Buttery Eggplants with Toasted Couscous

updated May 29, 2019
Buttery Eggplants with Toasted Couscous
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Credit: Matt Russell/Kitchn; Food & Prop Stylist: Emily Ezekiel/Kitchn

This recipe is a part of Anna Jones’ summer grilling menu. You can find all the recipes in the package here.

This is a perfect recipe for a crowd and works brilliantly on the barbecue rather than the broiler if you like. One thing to ensure here is that your eggplants are buttery and soft; raw eggplant has to be one of the worst things to eat. Eggplant is a pretty resilient vegetable, so be brave when you cook it, and give it long enough to make sure it’s cooked through. Try to get your hands on the longer, thin eggplants, as short fat ones will take much longer to cook through.

Anna Jones, Author of The Modern Cook’s Year

Credit: Matt Russell/Kitchn; Food & Prop Stylist: Emily Ezekiel/Kitchn

Buttery Eggplants with Toasted Couscous

Serves 4

Nutritional Info

Ingredients

For the peppers:

  • 4

    red peppers, deseeded and cut into thin strips

  • 2 tablespoons

    olive oil

  • 4 cloves

    of garlic, finely sliced

  • 1

    red onion, finely sliced

  • 2 tablespoons

    sherry vinegar

  • 1/2 teaspoon

    smoked sweet paprika

For the eggplant:

  • 1 teaspoon

    ground cumin

  • 1 teaspoon

    ground cilantro

  • Sea salt

  • 1 tablespoon

    olive oil

  • 4

    long, thin eggplants

  • Plain yogurt, to serve (optional)

For the couscous:

  • 1 1/2 cups

    (300 g) whole-wheat giant couscous (mograbieh)

  • 1 heaping teaspoon

    vegetable stock powder

  • Small bunches of mint, parsley, basil, leaves picked and roughly chopped, stems reserved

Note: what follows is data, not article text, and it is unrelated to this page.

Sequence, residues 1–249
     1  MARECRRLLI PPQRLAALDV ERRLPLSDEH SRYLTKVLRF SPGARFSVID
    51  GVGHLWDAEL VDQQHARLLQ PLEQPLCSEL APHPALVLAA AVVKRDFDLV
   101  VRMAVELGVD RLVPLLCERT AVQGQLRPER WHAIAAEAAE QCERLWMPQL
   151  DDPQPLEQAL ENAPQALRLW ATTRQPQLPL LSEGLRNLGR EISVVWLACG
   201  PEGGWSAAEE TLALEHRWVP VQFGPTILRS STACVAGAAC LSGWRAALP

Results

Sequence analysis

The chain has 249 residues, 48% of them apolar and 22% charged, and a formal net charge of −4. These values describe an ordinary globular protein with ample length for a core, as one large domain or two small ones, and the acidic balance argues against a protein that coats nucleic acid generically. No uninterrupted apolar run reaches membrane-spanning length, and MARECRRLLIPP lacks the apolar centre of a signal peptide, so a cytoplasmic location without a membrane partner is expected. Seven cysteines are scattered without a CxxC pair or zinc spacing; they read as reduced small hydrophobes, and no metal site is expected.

• The zest and juice of 1 unwaxed lemon

  • 6 tablespoons

    extra-virgin olive oil, plus extra to serve

  • 1 teaspoon

    sumac

Instructions

  1. First, the peppers. Put the peppers in a frying pan with the olive oil, garlic, and red onion and cook for 20 minutes over low to medium heat, until softened and sweeter and the edges are beginning to pick up some golden color. Add the vinegar and paprika and cook for another 20 minutes, then season well and take off the heat.

  2. While the peppers are cooking, heat your broiler or barbecue to medium. Mix the cumin and cilantro with the oil and a good pinch of salt. Prick the eggplants all over and rub them with the oil. Put them under the broiler or on the barbecue for about 25 minutes, turning them a couple of times. You are aiming for the eggplants to almost completely collapse, so be brave.

  3. Fill the kettle with water and bring to a boil. Toast the couscous in a dry frying pan over medium-high heat for a couple of minutes, until it smells toasty but before it colors. Cover with 4 1/2 cups (1 liter) of boiling water and add the stock powder and herb stems. Turn the heat down to medium and let the couscous simmer for 8 to 10 minutes.

  4. Put the lemon zest and juice in a small bowl with the olive oil. Add the chopped herb leaves and sumac and mix well. Once the couscous is cooked, drain well, remove the herb stems, and dress with half the dressing while still warm.

  5. Place an eggplant on each plate, cut lengthways with a sharp knife, and season the insides well with olive oil, salt and pepper. Serve with a heaping spoonful of the couscous and peppers on the side. Finish with the remaining dressing and some yogurt, if you like.

Recipe Notes

Reprinted with permission from The Modern Cook’s Year by Anna Jones, published by Abrams Books 2019.

Credit: Courtesy of Abrams Books

Find the Book:The Modern Cook’s Year by Anna Jones